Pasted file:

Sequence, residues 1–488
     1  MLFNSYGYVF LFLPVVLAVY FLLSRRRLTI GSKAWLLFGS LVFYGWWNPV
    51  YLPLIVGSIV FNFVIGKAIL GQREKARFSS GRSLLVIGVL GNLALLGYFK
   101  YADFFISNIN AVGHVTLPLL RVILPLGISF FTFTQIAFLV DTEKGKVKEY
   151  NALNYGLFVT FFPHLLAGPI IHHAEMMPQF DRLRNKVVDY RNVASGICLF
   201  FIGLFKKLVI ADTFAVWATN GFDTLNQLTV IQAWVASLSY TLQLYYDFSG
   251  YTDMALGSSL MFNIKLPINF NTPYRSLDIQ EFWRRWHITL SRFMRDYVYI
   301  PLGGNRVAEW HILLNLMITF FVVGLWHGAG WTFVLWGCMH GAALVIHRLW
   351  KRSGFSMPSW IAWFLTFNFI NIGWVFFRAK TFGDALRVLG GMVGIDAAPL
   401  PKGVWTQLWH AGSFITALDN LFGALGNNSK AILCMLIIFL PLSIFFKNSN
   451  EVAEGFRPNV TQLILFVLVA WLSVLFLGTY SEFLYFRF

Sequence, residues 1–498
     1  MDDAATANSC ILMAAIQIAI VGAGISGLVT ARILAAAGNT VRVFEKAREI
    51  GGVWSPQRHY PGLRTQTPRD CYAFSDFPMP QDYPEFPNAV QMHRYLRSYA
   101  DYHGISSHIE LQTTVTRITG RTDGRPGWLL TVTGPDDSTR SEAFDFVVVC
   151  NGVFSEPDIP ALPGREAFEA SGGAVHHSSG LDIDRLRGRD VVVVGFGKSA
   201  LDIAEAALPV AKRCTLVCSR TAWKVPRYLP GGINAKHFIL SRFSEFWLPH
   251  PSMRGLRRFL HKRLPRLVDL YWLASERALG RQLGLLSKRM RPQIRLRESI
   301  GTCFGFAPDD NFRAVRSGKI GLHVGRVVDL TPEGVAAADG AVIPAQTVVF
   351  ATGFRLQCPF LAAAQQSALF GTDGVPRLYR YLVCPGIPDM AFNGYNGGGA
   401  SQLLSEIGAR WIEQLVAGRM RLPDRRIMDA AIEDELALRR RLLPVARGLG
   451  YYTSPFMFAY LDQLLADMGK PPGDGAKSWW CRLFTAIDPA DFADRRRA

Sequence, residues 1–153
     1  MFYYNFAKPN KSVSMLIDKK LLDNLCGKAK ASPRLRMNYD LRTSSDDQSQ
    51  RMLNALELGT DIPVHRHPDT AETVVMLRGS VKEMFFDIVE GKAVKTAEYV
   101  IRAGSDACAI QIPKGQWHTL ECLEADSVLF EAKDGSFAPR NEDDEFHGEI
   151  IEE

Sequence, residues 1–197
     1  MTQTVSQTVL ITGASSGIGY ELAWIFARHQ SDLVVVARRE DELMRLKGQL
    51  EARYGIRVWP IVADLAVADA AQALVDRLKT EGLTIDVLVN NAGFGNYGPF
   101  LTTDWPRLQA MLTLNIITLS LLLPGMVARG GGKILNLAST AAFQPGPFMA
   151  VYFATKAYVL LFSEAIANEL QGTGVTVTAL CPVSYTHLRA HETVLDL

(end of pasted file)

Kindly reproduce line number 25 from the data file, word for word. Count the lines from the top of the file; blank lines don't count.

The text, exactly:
    51  RMLNALELGT DIPVHRHPDT AETVVMLRGS VKEMFFDIVE GKAVKTAEYV